Hosmer and Lemeshow test indicate excellent fit, that was p-value greater than 0.5.
Raised BMI is a major risk factor for non-communicable diseases such as cardiovascular diseases (mainly heart disease and stroke), which were the leading cause of death. The risk for these non-communicable diseases increases, with increases in BMI . This study tried to assess the determinate factors of overweight/obesity among ministry civil servants.
Increased age was identified as a factor for overweight and obesity in this study and many other studies [10, 11, 13, 19]. Respondents who were age 45 years and above years were more likely to be overweight/obesity as compared to those who were in the age category of 24 and 18 years. This could be due to the changes in hormone levels with age and also decreasing physical activity with increasing age.
Findings from this study show that alcohol consumption increases the risk of obesity and overweight 2.27 times comparing those who take alcohol to those who do not take alcohol. This finding is in line with the finding in Ghana and China [10, 11, 20]. The possible explanation could be alcohol can increase the risk of weight gain by the calories it provides and by increasing one’s appetite for food.
Another risk factor was adults who did not practice 10 min walk per day, more likely to overweight and obesity and participants who did not involve physical activity (sport) were 2.42 times more likely to overweight and obesity as compared to those who exercise physical activity which is consistent with studies conducted in Namibia, India and Kenya [21,22,23]. The reason might be participants spend much time sitting and involved less physical labor leads them to a sedentary lifestyle. This might determine the number of calories stored in the body in the form of fat.
Dissimilar many other study reports [21, 24, 25], this finding did not reveal any association of overweight and obesity with cigarette smoking and dietary habits. This could be explained by the difference in the study population, setting, sample size, socio-economic and cultural difference between the two studies.
Being older age, physically inactive, unable to walk 10 min per day and consumption of alcohol increase the risk of overweight and obesity significantly. Sector wise integrated occupational health program should be developed in the workplace to decrease identified risk factors of overweight/obesity.
The possible limitations of this study were:
Biochemical measurements were not carried out due to inadequate technical staff and insufficient funds to carry out the work involved.
The study was a cross-sectional study and the temporal relationships between determinants factor and overweight/obesity cannot be established.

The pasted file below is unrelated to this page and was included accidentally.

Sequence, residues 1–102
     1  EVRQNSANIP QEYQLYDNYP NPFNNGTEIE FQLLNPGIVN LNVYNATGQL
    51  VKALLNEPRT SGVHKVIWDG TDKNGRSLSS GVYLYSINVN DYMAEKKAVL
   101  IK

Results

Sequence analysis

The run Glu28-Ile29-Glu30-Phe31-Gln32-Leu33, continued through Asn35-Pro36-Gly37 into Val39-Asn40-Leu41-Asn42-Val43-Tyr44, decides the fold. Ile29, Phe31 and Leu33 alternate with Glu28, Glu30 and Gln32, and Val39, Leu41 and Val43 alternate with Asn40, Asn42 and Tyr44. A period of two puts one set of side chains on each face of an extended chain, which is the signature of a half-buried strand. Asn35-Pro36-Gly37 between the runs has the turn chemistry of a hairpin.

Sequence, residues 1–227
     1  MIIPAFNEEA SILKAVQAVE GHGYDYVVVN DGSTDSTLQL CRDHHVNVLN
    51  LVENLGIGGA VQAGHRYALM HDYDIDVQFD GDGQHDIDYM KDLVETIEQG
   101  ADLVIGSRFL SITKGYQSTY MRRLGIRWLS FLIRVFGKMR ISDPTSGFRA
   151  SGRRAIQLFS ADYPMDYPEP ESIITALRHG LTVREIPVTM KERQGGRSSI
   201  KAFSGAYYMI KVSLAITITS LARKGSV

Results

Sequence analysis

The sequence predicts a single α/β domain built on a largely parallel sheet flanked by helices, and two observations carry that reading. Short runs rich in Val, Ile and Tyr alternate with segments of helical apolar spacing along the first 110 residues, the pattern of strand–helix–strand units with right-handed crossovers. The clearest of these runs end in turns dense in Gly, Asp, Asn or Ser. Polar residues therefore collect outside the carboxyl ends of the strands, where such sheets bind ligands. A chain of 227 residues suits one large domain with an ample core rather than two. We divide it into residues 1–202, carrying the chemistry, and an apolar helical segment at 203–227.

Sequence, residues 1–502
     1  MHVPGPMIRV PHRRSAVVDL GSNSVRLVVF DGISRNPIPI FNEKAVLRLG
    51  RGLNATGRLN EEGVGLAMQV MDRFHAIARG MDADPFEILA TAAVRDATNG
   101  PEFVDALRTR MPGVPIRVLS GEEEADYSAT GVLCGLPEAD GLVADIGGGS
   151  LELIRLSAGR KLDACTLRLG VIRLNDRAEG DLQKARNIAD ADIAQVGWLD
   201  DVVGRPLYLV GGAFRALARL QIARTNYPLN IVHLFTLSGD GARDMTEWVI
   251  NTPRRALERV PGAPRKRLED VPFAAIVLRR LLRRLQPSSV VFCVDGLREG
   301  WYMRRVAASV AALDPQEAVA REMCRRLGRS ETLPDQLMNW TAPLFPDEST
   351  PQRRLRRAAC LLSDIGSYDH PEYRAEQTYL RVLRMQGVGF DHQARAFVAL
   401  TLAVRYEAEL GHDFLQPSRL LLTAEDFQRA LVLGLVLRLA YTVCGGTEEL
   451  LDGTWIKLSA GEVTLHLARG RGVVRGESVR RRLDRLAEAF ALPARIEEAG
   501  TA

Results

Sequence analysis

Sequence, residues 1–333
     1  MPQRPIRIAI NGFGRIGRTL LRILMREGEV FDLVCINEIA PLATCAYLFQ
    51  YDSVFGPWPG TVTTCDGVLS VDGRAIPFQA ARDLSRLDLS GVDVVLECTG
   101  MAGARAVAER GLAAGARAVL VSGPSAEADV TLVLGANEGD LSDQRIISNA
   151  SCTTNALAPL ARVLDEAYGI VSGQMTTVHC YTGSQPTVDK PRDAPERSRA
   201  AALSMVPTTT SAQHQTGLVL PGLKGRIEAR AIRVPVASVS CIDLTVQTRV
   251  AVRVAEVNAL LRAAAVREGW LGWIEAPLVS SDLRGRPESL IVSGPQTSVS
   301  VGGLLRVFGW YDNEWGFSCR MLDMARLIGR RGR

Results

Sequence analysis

This study generalizes for ministry civil servants only.
Availability of data and materials
We will make avail the data based on the request.
Adjusted Odds Ratio
body mass index
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Ethiopia Demographic and Health Survey
Statistical Package for Social Science
STEP wise approach to surveillance
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The dedication, commitment and contribution of participants and data collectors’ who were actively participated in this research work are gratefully acknowledged. We thank the managements and workers of each ministry who permitted us to conduct the study.
The authors did not take any fund for this study.
Authors and Affiliations
Department of Epidemiology and Bio Statistics, School of Public Health, College of Medicine and Health Sciences, Bahir Dar University, Bahir Dar, Ethiopia
KA organized the research, conducted data entry and analysis, and prepared the manuscript. TA interpreted the result and critically review the manuscript. Both authors read and approved the final manuscript.
The study protocol was reviewed, and ethical clearance was obtained from the Institutional Review Board of University of Gondar. Official letters were obtained from administrative body of each ministry. After the purpose of study has been informed to the study participants, informed written consent was obtained. Confidentiality was maintained by making the data collection procedure unidentified. Those study participants found overweight and obesity were advised.
Consent for publication
Not applicable, this study did not take individual identifiers like name, image or video.
The authors declare that they have no competing interests.
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Bogale, K.A., Zewale, T.A. Determinant factors of overweight/obesity among federal ministry civil servants in Addis Ababa, Ethiopia: a call for sector-wise occupational health program.
BMC Res Notes12, 449 (2019). https://doi.org/10.1186/s13104-019-4489-4